Easter Island is a small island off Chile's coast and has a unique and interesting history behind it. In module eleven we learned about the history of Easter Island and how it eventually collapsed due to reasons we thought were simple but in actuality, it is more complicated than we thought.
Author Catrine Jarman, who wrote the article titled What Really Happened on Easter Island writes about how Easter Island’s society collapsed and what lead to the collapse. In the article Jarman states that the collapse of Easter Island is blamed on the people who lived on the island when she wrote “Second, that the palm trees that once covered the island were callously cut down by the Rapa Nui population to move statues.” This reasoning is popular belief on how Easter Island collapsed and many people believe this idea because it holds a sense of mystery to it. Jarman goes on to explain that in today's world we let ourselves obsess over the mystery of how Easter Island’s society collapsed that we overlooked the facts in our own obsession over a sense of mystery. Jarman explains a major factor that led to Easterr Island's downfall when she writes about how South Americans came to the island introducing diseases and kidnapping the islanders to become slaves. Jarman writes “South American slave raids took away as much as half of the Native population. By 1877, the Rapanui numbered just 111. Introduced disease, destruction of property, and enforced migration”. A major contribution to the collapse of Easter Island was the South Americans that doomed the people of Easter Island and not the moving of statues that people were lead to believe were to blame for the downfall.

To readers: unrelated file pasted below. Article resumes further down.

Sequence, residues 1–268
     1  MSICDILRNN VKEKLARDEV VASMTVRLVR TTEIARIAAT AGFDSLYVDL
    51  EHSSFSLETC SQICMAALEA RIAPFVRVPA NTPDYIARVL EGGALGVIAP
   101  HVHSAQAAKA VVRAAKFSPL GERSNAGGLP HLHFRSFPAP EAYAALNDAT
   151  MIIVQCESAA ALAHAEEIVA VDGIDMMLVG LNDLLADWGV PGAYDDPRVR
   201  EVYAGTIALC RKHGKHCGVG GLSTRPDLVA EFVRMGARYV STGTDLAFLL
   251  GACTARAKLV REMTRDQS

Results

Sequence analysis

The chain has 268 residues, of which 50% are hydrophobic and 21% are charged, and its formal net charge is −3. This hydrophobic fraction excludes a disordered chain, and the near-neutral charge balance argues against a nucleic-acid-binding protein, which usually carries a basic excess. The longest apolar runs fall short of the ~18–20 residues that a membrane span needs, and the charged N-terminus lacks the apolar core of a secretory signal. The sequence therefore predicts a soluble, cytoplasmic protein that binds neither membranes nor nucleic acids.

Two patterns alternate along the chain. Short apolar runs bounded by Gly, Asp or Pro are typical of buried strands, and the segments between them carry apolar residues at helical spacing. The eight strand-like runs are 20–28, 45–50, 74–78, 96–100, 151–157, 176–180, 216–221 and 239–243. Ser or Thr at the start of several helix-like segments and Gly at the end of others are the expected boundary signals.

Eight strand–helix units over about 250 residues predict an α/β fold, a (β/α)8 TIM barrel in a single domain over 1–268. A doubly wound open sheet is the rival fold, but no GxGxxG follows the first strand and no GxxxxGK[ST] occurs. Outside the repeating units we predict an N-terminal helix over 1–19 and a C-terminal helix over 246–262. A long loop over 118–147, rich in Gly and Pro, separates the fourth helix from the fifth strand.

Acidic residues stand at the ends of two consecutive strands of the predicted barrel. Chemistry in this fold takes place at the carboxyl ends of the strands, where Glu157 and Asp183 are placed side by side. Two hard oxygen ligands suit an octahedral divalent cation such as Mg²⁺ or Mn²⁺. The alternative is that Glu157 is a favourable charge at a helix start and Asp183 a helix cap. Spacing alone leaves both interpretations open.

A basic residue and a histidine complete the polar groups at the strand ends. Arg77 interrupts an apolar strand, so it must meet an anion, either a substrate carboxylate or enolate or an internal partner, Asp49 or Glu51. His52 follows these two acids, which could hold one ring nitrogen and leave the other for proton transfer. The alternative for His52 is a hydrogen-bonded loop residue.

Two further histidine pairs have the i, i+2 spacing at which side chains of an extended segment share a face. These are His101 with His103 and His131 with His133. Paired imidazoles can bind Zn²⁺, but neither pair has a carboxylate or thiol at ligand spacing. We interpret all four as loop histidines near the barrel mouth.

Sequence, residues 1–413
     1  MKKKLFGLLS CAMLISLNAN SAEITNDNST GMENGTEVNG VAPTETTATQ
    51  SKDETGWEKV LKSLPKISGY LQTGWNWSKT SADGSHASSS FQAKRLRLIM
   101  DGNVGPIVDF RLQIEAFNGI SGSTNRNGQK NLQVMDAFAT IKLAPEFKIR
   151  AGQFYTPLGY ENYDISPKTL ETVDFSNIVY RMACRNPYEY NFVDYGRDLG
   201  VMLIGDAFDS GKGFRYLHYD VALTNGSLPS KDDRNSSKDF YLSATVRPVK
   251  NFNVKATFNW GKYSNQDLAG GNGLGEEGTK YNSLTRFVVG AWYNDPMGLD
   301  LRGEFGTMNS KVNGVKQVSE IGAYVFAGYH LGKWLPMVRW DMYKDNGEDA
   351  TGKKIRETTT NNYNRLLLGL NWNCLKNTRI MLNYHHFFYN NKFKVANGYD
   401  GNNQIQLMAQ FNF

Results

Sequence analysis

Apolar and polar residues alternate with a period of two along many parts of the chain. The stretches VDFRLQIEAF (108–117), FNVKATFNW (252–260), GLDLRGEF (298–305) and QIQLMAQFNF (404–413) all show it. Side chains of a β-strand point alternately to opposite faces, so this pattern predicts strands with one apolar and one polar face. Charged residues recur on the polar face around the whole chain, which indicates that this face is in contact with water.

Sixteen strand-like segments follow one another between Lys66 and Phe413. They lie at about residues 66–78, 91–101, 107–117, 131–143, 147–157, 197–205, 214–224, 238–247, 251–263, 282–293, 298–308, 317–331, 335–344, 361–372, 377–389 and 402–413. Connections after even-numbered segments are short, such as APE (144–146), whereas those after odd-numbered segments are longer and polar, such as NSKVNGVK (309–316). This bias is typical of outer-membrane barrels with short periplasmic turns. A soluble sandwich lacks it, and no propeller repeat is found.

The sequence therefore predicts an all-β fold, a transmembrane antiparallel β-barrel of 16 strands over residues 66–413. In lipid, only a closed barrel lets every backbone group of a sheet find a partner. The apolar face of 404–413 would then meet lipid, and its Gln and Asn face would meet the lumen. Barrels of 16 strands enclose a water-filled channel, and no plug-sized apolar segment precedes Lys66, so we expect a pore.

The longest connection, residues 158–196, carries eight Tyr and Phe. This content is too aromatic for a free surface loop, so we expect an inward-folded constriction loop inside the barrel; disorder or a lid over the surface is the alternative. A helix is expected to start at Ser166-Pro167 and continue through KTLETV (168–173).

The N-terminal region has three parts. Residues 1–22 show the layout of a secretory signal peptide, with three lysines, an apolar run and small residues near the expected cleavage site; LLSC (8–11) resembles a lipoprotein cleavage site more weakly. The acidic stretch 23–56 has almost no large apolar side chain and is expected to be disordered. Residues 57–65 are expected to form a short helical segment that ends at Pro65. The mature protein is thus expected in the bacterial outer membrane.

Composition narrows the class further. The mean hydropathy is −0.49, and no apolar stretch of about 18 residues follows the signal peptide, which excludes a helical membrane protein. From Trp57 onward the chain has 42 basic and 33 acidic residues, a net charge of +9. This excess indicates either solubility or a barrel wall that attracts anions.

In the end, people's fixation for mysteries blinded them from the truth of what caused the downfall of Easter Island. The consequence for this fixation is laid upon the people who inhabit Easter Island, due to people blaming their ancestors for the collapse and not the South Americans.